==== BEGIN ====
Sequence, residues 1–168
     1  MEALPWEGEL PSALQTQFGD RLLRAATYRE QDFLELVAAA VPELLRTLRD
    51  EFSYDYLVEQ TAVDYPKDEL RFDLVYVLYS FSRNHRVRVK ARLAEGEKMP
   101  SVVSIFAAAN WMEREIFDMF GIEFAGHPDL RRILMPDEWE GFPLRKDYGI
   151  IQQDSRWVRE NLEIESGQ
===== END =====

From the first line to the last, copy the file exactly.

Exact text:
Sequence, residues 1–168
     1  MEALPWEGEL PSALQTQFGD RLLRAATYRE QDFLELVAAA VPELLRTLRD
    51  EFSYDYLVEQ TAVDYPKDEL RFDLVYVLYS FSRNHRVRVK ARLAEGEKMP
   101  SVVSIFAAAN WMEREIFDMF GIEFAGHPDL RRILMPDEWE GFPLRKDYGI
   151  IQQDSRWVRE NLEIESGQ